England's record in World Cups since they appeared in the 1992 final is nothing the write home about; in the last six tournaments they have failed to reach the semi-final stage. Few believed that England would seriously compete in the latest edition, and it was much the same when the team headed to the Caribbean in 2007. And so it proved: forgettable cricket was compounded by a media storm around allrounder Andrew Flintoff.
England came into the tournament on the back of a humiliating 5-0 whitewash in the Ashes. Flintoff had captained the side in Australia but his own form had been poor, he had struggled with a persistent ankle injury, and there were reports that he had been warned more than once for drinking. Duncan Fletcher, England's coach, confirmed those rumours later in the summer when he said why a net session had to be ended early. "Flintoff was in such a state that he could not throw properly. He had to pass the ball to the bloke next to him to do so. And when it came to trying to catch the ball, I honestly thought I was going to hurt him, so uncoordinated was he. I was fuming and stopped the practice early."
There was a glimmer of hope as Flintoff, standing in for the injured one-day captain Michael Vaughan, led England to victory in the triangular Commonwealth Bank Series that followed the Tests in Australia, and his own form seemed to be returning.
Vaughan was back to lead the side in the World Cup - Flintoff was handed the vice-captaincy - where England opened with a defeat to New Zealand. Flintoff was dismissed first ball but bowled economically and took a superb one-handed catch. That evening - which was only two days before England's next game against Canada - Flintoff and several other team-mates headed to a bar next to the side's St Lucia hotel for a few drinks. With a midnight curfew it was not expected to be an issue.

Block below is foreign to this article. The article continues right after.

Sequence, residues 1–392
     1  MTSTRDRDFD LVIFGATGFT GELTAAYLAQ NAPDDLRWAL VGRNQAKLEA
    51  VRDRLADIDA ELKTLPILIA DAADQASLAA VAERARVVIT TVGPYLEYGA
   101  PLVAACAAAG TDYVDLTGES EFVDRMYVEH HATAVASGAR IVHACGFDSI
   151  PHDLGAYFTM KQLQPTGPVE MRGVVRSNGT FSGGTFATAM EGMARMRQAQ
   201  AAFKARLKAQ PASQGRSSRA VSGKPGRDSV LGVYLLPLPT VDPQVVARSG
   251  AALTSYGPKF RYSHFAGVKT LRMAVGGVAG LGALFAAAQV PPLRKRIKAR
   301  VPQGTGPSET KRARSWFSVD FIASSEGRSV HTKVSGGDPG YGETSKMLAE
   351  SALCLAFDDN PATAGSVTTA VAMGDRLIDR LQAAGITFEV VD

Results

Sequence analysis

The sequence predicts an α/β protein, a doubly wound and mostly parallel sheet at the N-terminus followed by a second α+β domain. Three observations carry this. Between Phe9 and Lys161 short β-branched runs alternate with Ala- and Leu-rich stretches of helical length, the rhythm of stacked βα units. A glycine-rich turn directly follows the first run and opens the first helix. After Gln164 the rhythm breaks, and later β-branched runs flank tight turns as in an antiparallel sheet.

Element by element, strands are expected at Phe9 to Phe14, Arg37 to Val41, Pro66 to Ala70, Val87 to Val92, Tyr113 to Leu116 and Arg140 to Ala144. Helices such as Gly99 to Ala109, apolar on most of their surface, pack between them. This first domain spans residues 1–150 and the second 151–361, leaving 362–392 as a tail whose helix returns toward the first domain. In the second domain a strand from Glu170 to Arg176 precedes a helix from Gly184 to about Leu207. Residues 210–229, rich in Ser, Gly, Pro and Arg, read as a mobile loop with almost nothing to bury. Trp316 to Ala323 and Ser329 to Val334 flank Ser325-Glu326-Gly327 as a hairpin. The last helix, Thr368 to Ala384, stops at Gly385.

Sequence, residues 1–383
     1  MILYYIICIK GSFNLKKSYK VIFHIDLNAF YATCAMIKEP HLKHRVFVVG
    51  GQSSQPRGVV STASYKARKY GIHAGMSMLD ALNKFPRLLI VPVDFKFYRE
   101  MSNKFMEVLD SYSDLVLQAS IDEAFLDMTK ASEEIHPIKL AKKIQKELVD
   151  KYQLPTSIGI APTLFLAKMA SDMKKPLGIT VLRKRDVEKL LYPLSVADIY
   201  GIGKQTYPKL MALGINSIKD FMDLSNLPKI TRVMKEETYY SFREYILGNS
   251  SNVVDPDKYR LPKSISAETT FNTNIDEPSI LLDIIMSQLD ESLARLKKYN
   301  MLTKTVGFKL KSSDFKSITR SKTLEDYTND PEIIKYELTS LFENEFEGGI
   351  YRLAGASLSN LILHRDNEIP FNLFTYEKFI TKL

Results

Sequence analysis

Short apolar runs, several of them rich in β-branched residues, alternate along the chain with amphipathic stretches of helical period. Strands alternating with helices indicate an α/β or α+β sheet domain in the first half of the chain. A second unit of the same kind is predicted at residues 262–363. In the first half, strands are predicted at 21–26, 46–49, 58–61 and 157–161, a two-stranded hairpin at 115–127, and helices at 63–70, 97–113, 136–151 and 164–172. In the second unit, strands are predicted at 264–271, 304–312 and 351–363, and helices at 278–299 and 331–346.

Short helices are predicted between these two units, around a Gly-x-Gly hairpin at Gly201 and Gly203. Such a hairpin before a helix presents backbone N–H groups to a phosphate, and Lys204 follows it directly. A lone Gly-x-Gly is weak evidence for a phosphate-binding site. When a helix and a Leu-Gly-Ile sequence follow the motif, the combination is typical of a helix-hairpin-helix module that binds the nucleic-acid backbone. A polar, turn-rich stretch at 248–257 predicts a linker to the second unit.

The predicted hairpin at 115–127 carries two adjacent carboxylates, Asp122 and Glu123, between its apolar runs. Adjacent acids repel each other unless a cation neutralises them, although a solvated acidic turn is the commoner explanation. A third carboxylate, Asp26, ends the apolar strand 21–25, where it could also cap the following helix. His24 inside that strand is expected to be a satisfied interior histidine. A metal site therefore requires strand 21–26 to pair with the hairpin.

"The whole time I was on the field and throughout that World Cup all I could think about was that I wanted to retire"Flintoff on the pressures in 2007
However, for five of the team along with two of the coaching staff, the drinking went on into the early hours. It might have ended there had Flintoff not decided he needed to have a nightcap with Ian Botham, who he believed was on a yacht moored off the beach. Talking to Piers Morgan last year, Flintoff said: "I thought: 'I can't swim... that would be dangerous', so I was going to get a kayak. I couldn't find the oars, so I dragged this pedalo into the water. The next morning I woke up, I was on my bed and… still wet and… sand between my toes."
Although Flintoff had no recollection of what happened, onlookers did. He had had to be rescued from the sea after the pedalo had capsized. "The door knocked. The door had these slats, and I thought it was the maid wanting to clean the room. So I said: 'Can you come back?' But it was the coach. I pulled the slats down and answered the door, and then Duncan just said: 'My room. Now.'"
The squad was summoned to a team meeting where Fletcher let rip. Paul Nixon, the wicketkeeper, in his autobiography Keeping Quiet recalled what happened. "In the corner, splayed out on his back on a physio's bench was Freddie. The big man looked barely conscious. He was wearing a vest and shorts, and his lower legs were covered in sand. There was a pervading smell of Jack Daniel's and cola in the air. A few of the lads glanced at Freddie and winced. He remained flat-out during the whole dressing-down, occasionally lifting his head with one eye half-open. Later, at another meeting, Freddie, now upright, apologised for his behaviour."
By that stage the press was all over the story and were gleefully reporting the lurid details. The headline writers were in full flow. The Sunday Mirror led with "Flintoff in Caribbean Booze Cruise", while the News of the World went with "Sunk'n'drunk".